Editor’s Note: Below is a comment authored by Jay Eisenhofer, co-managing director of investor law firm Grant & Eisenhofer, P.A. Views expressed are the author’s but this publication is grateful for the right to publish them. As always, reader responses are welcome.
When times were good, many hedge fund managers cultivated an image of Oz-like awe and invincibility. But recent revelations of bad behavior have left investors wary of those running the show.
It’s been a tough couple of years for institutional investors who placed their faith — and their cash — in the care of Philip Falcone, the founder of Harbinger Capital Management. While his hedge fund once reaped billions by betting against the US subprime mortgage market before the financial crisis, in recent years it has crashed to earth, thanks to Falcone’s gamble on a scheme to build a new wireless network, known as LightSquared, Inc., which filed for bankruptcy in May. From a peak of $26 billion in 2008, Harbinger Capital has dwindled to less than $3 billion, thanks to investment losses and withdrawals.
It turns out the pain was far from over for Harbinger investors. In June, the Securities and Exchange Commission sued Falcone, charging that he had broken the law to support his lavish lifestyle (which includes a 27-room Manhattan townhouse and private jet) at his investors’ expense. Among the allegations: Falcone borrowed $113 million from one of Harbinger’s funds in 2009 to pay his personal taxes without disclosing the loan to clients, or seeking their approval, effectively using the fund as his personal piggybank.
The SEC also charged that Falcone favored a few Wall Street institutions – including Goldman Sachs – above other investors and manipulated bond prices. “Today’s charges read like a final exam in a graduate course in how to operate a hedge fund unlawfully,” said Robert Khuzami, the SEC’s enforcement director, in a statement. “Clients and market participants alike were victimized.”
The sad news is that Harbinger’s investors are not alone in feeling dismayed, deceived and disgusted by the hedge fund industry’s dark side. Even as they continue to pour money into these vehicles — some 7,000 hedge funds are now estimated to hold $2 trillion in assets — many institutional and high net worth investors have grown wary of fund managers’ endless promises and relentless hype, thanks to a parade of well-publicized scandals that shows no signs of slackening.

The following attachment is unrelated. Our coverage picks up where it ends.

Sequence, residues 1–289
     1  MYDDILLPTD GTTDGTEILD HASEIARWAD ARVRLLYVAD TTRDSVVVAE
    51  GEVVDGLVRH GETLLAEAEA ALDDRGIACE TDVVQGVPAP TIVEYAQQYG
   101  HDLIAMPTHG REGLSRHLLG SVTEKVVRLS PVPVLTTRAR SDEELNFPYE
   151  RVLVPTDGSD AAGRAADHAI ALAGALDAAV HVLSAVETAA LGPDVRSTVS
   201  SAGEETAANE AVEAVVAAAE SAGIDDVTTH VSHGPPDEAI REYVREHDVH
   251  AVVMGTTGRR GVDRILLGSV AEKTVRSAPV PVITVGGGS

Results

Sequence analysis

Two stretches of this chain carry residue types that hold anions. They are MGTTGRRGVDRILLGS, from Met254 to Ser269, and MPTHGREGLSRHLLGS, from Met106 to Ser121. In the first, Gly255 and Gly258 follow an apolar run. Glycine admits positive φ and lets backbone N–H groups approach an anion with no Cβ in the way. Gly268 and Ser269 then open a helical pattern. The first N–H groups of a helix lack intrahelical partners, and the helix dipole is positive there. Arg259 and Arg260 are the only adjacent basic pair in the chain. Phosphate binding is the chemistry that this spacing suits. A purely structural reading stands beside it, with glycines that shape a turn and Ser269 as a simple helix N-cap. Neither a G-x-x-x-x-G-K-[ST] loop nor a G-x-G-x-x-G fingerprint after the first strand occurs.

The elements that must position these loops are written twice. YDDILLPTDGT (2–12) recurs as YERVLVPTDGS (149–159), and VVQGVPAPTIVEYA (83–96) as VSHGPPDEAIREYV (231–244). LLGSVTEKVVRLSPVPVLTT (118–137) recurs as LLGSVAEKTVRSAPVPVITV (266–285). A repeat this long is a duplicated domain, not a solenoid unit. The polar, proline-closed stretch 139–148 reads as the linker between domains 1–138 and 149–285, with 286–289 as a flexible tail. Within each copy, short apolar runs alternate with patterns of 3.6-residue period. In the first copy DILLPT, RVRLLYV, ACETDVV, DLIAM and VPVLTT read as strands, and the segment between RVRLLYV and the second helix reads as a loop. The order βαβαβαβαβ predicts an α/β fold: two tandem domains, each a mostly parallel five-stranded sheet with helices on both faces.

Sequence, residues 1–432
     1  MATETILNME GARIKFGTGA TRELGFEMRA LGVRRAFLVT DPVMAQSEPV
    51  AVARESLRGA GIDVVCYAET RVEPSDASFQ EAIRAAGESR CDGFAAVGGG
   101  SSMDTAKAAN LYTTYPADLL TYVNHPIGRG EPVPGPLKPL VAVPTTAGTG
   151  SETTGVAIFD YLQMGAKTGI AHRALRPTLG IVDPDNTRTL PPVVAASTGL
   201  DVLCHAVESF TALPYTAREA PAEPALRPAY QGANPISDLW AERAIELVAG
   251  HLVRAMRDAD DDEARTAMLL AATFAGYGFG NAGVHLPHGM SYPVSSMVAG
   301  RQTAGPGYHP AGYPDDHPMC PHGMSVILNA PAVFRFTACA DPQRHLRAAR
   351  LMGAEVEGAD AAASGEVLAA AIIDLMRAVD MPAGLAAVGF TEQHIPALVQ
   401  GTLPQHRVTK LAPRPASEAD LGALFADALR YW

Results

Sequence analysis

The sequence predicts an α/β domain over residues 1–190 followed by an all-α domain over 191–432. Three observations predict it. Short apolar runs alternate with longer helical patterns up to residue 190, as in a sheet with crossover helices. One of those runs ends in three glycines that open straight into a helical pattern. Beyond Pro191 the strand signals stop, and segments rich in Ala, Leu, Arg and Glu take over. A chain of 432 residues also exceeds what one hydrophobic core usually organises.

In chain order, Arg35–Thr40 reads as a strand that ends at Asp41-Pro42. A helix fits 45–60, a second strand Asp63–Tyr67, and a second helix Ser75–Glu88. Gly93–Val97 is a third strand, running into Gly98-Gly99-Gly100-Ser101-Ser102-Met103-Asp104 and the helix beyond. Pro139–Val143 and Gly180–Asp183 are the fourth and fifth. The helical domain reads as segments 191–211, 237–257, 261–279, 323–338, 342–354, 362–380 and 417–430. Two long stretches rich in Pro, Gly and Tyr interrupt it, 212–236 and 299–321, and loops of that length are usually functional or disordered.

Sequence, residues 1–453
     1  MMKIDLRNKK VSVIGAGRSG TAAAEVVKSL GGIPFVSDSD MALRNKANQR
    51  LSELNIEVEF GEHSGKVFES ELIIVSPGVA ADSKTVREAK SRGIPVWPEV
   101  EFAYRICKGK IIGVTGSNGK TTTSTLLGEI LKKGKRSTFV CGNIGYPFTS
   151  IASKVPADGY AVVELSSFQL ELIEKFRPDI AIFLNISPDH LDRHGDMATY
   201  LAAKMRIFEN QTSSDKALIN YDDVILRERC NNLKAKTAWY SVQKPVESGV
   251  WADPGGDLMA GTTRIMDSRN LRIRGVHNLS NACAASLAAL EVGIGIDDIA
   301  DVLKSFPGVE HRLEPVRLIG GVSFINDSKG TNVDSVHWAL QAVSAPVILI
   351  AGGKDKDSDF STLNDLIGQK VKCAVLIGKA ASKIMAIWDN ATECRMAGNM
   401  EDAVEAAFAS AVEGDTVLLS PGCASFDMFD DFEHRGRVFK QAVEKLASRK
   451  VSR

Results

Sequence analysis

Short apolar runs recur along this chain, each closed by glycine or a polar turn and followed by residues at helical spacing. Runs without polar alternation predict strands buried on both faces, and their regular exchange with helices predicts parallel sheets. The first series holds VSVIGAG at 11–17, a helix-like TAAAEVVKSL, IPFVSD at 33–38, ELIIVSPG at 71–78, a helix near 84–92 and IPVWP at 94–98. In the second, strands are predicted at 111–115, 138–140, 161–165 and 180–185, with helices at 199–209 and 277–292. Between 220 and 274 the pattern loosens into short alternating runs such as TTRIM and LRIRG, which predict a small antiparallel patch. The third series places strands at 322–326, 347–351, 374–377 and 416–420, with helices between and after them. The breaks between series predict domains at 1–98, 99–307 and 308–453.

Revelations of widespread deceptive practices – including bait-and-switch investment tactics, conflicts of interests, and severely mispriced assets – coupled with news of fund collapses and bankruptcies, and topped off by several years of sub-par investment returns, have left many hedge fund investors feeling sour and ripped off. Unlike the wave of recent insider-trading cases, like the one which sent Galleon Financial founder Raj Rajaratnam to prison earlier this year, the latest cases depict managers preying on their own investors.
Though the allegations against Falcone were outrageous, they are hardly unique. Consider:
· The SEC found that managers of Miami-based Quantek Asset Management deceived investors about their own stake in the $1 billion fund and failed to disclose self-dealing loans it had made to one of its managers, as well as to the fund’s parent company. “Quantek’s investors deserved better than the misleading information they received in marketing materials, side letters, and other fund information,” the SEC said. It ordered the fund to pay investors $3 million, and temporarily barred two fund principals from working in the security industry.
· In New York, investors filed a civil suit against Michael Balboa, manager of bankrupt Millennium Global Investments, claiming he had conspired to inflate valuations of emerging market debt by at least $80 million in marketing documents, in order to hide losses suffered in the 2008 meltdown and attract additional capital. Balboa faces a criminal complaint from US prosecutors and an SEC suit stemming from the same incident.
· In the UK, the Financial Services Authority fined Alberto Micalizzi, chief of Dynamic Decisions Capital Management $3 million for lying to investors in order to conceal the true value of the company’s master fund, which lost 85 per cent of its value — $400 million — during the last quarter of 2008. The FSA said Micalizzi continued to court new investors in the period leading up to the funds collapse in 2009. “Micalizzi’s conduct fell woefully short of the standards that investors should expect and behavior like this has no place in the financial services industry,” said an FSA official.